With two Free Practice sessions wrapped up plus Qualifying Practice on Wednesday, today the 2023 Le Mans 24-Hour week steps up a gear with Hyperpole to determine outright pole position for what is being billed as the Race of the Century.
Ditto the LMP2 and LMGTE classes, their sharp-end starters will be established during the half hour of Hyperpole, scheduled for 20:00 CET local time, 18:00 GMT.
Qualifying is all about speed, and while one could argue that a top spot starts for a twice-around-the-clock race hardly matters. But there is the question of publicity and pride. The fact that Ferrari and Porsche, on the evidence of yesterday’s sessions, are squaring up for a titanic battle against the dominant Toyota team for top honours come Sunday afternoon local time when the chequered waves.
But leading the field on that long formation lap, in front of a record crowd, plus a booming television audience, is the kind of PR money can’t buy unless of course it’s invested in the World Endurance Championship (WEC) and a Le Mans programme to boot.
Legends of endurance racing Porsche, Ferrari and Peugeot are back to challenge Toyota
In short, Porsche are hunting a 20th victory at Circuit de la Sarthe and Ferrari seeking their tenth at the legendary venue. Both manufacturers are back this year, the great Italian team after half a century of absence in the premier class battling for overall victory at the race.
Perhaps more unlikely to win the race on Sunday, are Peugeot who have bagged three times in their history, but a win for France on home soil might just blow the roof off the place! It’s racing so you never know, and the gods that hover over Le Mans are not shy to surprise as history has shown so often.
Toyota, who have won the last five editions of the race, famously with Formula 1 legend Fernando Alonso in 2018 and 2019 during the Spnairad’s sabbatical from the top flight. This sixth might just be the toughest one they have yet to win, but victory will also be the sweetest. TGR have dominated WEC solo, Le Mans included, for over half a decade.
Most of the starting positions for the 91st edition of the 24 Hours of Le Mans were decided during Wednesday’s qualifiers, however, the fastest 24, eight from each class, will battle it out for the coveted P1 grid parking bay.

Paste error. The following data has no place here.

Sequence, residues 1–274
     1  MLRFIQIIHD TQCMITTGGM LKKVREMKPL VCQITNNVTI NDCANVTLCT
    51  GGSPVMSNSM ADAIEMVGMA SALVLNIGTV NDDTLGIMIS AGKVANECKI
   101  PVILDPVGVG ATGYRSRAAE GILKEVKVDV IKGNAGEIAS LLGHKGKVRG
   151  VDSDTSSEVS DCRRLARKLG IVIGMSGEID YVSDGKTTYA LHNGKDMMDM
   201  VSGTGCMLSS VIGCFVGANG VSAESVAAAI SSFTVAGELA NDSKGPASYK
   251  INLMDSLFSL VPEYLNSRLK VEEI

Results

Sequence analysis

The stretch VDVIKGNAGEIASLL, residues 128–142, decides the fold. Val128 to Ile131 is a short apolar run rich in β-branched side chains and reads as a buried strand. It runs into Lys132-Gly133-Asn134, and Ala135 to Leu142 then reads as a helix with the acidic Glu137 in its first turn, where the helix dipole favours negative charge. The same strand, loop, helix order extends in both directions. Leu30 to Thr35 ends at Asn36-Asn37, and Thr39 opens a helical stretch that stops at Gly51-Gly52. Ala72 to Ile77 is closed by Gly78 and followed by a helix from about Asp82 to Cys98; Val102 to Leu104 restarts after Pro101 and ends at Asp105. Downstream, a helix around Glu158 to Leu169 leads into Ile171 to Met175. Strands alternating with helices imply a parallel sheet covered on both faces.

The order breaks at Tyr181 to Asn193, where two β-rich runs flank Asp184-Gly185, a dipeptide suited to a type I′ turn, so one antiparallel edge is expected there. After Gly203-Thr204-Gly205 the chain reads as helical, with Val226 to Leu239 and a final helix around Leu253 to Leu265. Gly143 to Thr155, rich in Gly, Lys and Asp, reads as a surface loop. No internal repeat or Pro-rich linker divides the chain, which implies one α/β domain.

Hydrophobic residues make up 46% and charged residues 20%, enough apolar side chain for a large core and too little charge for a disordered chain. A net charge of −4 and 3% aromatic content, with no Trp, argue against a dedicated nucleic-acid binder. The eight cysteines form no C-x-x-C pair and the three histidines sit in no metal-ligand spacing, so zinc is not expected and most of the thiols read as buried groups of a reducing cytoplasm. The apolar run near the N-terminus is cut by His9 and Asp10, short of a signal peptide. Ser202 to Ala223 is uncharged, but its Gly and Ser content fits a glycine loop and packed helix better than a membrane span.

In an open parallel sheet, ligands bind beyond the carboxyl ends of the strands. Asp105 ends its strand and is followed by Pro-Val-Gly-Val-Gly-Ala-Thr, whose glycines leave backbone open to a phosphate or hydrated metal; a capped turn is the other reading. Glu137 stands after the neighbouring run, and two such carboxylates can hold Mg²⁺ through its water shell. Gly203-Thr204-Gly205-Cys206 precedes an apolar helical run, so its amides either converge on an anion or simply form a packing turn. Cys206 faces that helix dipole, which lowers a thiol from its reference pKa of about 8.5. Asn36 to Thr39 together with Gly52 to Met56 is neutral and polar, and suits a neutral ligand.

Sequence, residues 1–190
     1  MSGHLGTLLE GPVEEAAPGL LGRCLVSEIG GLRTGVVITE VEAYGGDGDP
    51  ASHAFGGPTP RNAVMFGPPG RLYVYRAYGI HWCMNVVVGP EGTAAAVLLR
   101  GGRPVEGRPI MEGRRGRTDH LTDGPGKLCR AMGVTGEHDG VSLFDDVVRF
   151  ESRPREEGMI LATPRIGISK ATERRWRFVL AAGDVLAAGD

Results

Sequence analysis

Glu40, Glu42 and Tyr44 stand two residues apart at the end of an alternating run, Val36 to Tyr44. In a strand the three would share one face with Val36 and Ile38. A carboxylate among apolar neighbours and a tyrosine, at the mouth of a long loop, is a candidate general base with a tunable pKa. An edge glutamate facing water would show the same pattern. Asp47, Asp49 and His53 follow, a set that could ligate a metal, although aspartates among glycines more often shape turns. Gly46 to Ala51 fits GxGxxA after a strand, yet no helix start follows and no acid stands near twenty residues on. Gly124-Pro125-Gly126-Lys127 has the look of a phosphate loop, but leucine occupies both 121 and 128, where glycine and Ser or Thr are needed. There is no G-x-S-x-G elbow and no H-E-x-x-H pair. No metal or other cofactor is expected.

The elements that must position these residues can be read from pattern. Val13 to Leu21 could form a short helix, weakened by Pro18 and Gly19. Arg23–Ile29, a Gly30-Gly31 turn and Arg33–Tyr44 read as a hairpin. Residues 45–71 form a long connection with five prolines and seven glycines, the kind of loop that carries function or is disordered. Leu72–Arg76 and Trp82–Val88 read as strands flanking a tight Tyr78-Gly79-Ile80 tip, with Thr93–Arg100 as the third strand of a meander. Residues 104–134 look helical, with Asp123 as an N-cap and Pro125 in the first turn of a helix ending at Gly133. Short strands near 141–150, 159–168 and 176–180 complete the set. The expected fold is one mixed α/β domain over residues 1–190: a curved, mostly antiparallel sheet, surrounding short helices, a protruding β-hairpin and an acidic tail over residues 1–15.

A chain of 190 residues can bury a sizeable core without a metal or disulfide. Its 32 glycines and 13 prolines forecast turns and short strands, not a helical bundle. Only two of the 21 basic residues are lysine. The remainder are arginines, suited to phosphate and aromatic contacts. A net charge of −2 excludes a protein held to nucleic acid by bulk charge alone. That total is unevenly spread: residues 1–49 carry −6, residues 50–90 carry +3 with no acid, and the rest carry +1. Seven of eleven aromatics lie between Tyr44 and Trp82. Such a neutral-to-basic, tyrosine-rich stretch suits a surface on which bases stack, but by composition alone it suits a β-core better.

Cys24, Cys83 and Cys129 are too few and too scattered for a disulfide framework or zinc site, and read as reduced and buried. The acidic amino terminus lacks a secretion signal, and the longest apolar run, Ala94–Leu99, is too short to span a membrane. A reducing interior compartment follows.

Introduced in 2020 to give teams a chance to demonstrate outright speed, in a similar manner that F1 does with Qualifying, ending with Q3 where everything is turned up to determine the top ten on the grid.
The Hyperpole session – Q3 on steroids – is for the first eight qualifiers in each class only. The outcome determines the top end of the grid and how each class will line up on Saturday for the race start.
The Le Mans 24 Hours circuit might be 13.626 km long, but with 62 cars on the track in the qualifying sessions, achieving the perfect lap is far from easy. Yellow flags, slow zones and traffic can all hamper the quest for pole position. This is precisely what prompted the Automobile Club de l’Ouest to create Hyperpole.
By selecting only the eight fastest cars in each class at the end of the qualifiers, the ACO gives drivers the opportunity to focus purely on speed without having to worry about traffic management or any of the other factors mentioned above. In Hyperpole, drivers only have to focus on one thing: achieving their best possible lap.
“What I can tell you about Hyperpole is that it sparks jealousy. All the drivers want to be in on it,” revealed Kamui Kobayashi, driver of the #7 Toyota GR010 Hybrid fielded by Toyota Gazoo Racing.
For Porsche GT team driver Kevin Estre: “It’s always nice to be at Le Mans and to get to drive with new tyres, little fuel in the car and no traffic. Battling for pole position in Hyperpole is also good for the ego and for prestige. Hyperpole adds a sprint aspect to the 24 Hours of Le Mans. We know that the starting position doesn’t dictate the race, but it’s important to try to be in front.”
Like any Qualifying, the fastest time set by each team during the 30 minutes of Hyperpole will determine the top eight on the grid for each class. Competitors are not allowed to return to the pits or to refuel. However, they are free to choose their tyres, within the limit of eight for the session.
If a car qualified for Hyperpole does not complete any timed laps during the Hyperpole session – except in special cases at the discretion of the stewards – it will be lined up on the grid behind the other Hyperpole cars in the same class.